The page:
Robert Schumann described his Blumenstück (“Flower Piece”) in D-flat Major, Op 19 as “variations, but not upon any theme,” adding that “everything is interwoven in such a peculiar way.”
Indeed, the brief solo piano piece unfolds in a series of dreamy episodes through which runs a common thematic thread. Following its initial statement, the opening episode fades into the background, and it is the second section of the piece which recurs as a refrain. Blumenstück is filled with charm and intimacy, yet there is also something vaguely obsessive and hypnotically circular about this music. The title refers to the German word for a still life portrait of flowers, and illustrates Romanticism’s celebration of nature.
Composed in 1839 during a period of time when Schumann was living in Vienna and attempting to secure publication for his music periodical, Neue Zeitschrift für Musik, Blumenstück was intended to be a companion piece to the Arabeske in C Major, Op. 18. In the days long before recordings, it was conceived as popular music to be played principally by women in their homes. In a letter to his soon-to-be wife, Clara Wieck, from January 24, 1839, Schumann’s description of his compositional activity included “other small things, of which I have so many, and which I shall chain together prettily under the title Kleine Blumenstücke, much like one might name a series of pictures.” Nearly two months later on March 11, he wrote to Clara, who was living in Paris,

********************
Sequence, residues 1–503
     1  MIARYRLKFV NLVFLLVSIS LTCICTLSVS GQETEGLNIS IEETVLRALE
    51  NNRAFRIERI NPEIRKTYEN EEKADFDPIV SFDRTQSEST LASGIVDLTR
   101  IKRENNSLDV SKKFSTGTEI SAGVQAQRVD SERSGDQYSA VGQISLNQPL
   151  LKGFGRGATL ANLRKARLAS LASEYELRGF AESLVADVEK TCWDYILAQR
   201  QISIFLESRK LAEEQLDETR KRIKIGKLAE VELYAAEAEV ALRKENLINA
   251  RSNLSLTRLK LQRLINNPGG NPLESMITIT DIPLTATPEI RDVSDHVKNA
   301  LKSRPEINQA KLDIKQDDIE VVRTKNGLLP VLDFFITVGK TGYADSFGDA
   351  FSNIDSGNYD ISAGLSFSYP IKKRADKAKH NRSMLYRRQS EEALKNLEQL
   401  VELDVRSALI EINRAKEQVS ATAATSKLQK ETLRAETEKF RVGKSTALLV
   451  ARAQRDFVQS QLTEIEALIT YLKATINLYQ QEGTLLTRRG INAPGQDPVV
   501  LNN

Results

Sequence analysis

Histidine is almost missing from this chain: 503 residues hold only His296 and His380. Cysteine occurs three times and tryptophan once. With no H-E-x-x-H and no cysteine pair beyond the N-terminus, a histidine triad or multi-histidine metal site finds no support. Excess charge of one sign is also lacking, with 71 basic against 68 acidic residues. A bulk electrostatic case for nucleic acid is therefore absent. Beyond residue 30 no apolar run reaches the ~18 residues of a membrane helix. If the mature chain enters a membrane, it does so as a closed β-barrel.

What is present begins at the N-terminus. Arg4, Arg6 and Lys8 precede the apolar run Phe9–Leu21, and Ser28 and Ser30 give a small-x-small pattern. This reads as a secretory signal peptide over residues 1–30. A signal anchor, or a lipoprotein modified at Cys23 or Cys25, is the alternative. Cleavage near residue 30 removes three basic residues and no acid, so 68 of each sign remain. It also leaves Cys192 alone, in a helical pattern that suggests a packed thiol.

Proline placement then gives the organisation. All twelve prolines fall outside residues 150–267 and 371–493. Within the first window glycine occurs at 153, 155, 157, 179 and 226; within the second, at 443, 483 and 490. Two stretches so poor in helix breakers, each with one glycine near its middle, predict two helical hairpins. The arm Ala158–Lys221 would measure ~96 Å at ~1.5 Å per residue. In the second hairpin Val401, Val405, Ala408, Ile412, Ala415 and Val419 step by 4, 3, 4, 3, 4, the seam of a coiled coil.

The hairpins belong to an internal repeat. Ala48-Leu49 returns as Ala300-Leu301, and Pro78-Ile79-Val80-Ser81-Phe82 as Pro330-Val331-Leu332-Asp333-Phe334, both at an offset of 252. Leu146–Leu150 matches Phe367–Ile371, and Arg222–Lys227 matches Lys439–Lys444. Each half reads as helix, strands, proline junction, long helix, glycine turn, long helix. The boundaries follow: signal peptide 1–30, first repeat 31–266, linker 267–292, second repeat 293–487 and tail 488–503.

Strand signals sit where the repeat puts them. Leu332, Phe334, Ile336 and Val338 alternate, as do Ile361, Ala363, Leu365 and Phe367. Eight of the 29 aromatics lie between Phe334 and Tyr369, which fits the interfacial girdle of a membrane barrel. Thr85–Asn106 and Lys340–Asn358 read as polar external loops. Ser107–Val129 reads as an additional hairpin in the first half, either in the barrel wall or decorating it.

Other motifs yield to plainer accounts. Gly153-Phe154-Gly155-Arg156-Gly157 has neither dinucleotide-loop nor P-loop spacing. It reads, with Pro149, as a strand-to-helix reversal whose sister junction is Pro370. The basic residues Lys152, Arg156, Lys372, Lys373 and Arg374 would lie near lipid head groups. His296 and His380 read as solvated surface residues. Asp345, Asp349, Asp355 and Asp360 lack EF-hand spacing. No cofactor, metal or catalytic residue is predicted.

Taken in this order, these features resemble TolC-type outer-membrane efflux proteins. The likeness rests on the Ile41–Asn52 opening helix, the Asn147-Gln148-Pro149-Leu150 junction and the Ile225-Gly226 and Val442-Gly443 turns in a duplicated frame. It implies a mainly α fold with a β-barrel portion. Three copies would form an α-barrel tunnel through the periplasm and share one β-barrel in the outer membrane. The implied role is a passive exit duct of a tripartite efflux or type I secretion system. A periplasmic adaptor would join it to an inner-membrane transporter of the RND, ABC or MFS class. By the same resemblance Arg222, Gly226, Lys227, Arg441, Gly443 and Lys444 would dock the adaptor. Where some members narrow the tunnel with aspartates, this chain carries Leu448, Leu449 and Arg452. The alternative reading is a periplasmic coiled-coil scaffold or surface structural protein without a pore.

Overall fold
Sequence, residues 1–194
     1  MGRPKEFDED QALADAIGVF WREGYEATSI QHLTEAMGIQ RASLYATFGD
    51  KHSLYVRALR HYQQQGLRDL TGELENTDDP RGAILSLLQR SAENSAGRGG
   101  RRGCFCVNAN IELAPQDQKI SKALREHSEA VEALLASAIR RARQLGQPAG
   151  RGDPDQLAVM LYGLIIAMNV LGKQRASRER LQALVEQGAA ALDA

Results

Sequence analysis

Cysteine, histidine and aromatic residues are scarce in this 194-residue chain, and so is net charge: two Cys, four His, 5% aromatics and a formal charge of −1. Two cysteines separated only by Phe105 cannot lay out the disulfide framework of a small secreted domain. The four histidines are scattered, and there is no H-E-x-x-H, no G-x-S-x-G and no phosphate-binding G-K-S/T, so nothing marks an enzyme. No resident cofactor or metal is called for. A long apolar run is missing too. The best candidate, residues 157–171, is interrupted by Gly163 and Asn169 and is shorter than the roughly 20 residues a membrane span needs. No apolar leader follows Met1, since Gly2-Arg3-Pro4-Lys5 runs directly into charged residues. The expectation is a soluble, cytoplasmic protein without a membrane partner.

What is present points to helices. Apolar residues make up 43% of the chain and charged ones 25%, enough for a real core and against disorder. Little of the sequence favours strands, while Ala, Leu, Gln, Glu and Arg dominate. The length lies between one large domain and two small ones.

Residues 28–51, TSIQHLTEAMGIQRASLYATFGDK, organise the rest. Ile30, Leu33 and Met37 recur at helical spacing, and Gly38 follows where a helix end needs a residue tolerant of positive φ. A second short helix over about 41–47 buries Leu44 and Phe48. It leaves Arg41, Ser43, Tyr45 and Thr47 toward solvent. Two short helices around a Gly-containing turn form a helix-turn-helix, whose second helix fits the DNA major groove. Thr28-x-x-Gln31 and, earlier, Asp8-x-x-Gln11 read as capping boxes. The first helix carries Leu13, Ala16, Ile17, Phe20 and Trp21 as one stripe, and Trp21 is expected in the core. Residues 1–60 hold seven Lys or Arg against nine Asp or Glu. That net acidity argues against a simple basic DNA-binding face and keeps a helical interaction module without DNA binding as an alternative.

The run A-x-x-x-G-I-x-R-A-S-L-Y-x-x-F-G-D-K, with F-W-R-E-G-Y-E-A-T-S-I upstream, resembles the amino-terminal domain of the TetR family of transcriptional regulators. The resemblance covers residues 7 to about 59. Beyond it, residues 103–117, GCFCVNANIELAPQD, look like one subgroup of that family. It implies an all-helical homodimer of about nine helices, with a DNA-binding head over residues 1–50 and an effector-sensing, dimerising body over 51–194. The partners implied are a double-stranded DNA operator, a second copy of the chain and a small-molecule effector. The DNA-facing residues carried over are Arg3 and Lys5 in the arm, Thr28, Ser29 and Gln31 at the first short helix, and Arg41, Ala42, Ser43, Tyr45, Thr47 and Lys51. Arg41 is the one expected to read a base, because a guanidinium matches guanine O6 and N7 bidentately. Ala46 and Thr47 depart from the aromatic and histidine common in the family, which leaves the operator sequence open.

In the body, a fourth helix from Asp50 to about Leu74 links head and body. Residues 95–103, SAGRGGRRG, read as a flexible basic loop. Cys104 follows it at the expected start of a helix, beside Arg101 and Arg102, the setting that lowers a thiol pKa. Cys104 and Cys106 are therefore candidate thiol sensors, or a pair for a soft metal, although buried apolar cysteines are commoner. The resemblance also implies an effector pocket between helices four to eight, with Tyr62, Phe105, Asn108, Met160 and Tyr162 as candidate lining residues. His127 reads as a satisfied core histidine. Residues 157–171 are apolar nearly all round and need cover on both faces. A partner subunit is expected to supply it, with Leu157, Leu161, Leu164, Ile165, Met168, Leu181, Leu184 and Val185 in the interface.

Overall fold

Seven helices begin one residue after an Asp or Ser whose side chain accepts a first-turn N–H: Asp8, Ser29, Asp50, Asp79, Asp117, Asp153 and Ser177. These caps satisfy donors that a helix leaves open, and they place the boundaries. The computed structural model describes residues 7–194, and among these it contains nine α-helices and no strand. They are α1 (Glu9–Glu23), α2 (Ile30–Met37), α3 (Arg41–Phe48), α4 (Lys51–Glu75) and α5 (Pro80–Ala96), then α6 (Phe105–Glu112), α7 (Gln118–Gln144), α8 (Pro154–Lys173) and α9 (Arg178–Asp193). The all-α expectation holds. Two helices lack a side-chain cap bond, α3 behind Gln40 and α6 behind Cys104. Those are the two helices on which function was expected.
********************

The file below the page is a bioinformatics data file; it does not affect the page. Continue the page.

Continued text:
I am so deeply in love with you that I think of you with such love as I have never known before. The whole week long I sat at the piano and composed and wrote and laughed and wept. All at once.
Blumenstück is infused with the falling four-note “Clara” motif which Schumann used in his Carnaval, Op. 9. Although occasionally he dismissed the seriousness of Blumenstück, Schumann offered the piece as a gift to his wife on their wedding day.
This 1966 concert performance features the legendary Russian-born American pianist, Vladimir Horowitz:
- Schumann: Blumenstück in D-flat Major, Op 19, Vladimir Horowitz Amazon